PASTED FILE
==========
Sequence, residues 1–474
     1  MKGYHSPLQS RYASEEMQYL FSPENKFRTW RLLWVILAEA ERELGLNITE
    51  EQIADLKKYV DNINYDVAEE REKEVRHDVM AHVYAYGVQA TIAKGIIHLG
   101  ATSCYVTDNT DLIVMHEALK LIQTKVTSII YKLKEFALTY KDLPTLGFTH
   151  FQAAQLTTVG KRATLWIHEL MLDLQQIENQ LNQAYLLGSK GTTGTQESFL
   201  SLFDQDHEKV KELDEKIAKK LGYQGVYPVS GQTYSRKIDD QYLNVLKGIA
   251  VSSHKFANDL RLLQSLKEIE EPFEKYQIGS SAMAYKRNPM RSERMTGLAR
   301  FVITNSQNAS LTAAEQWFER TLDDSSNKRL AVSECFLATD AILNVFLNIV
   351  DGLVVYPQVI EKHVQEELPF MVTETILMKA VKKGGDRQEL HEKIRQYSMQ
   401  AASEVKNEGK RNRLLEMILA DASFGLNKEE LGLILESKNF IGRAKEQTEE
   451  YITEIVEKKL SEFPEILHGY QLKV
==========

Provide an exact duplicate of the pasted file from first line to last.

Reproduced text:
Sequence, residues 1–474
     1  MKGYHSPLQS RYASEEMQYL FSPENKFRTW RLLWVILAEA ERELGLNITE
    51  EQIADLKKYV DNINYDVAEE REKEVRHDVM AHVYAYGVQA TIAKGIIHLG
   101  ATSCYVTDNT DLIVMHEALK LIQTKVTSII YKLKEFALTY KDLPTLGFTH
   151  FQAAQLTTVG KRATLWIHEL MLDLQQIENQ LNQAYLLGSK GTTGTQESFL
   201  SLFDQDHEKV KELDEKIAKK LGYQGVYPVS GQTYSRKIDD QYLNVLKGIA
   251  VSSHKFANDL RLLQSLKEIE EPFEKYQIGS SAMAYKRNPM RSERMTGLAR
   301  FVITNSQNAS LTAAEQWFER TLDDSSNKRL AVSECFLATD AILNVFLNIV
   351  DGLVVYPQVI EKHVQEELPF MVTETILMKA VKKGGDRQEL HEKIRQYSMQ
   401  AASEVKNEGK RNRLLEMILA DASFGLNKEE LGLILESKNF IGRAKEQTEE
   451  YITEIVEKKL SEFPEILHGY QLKV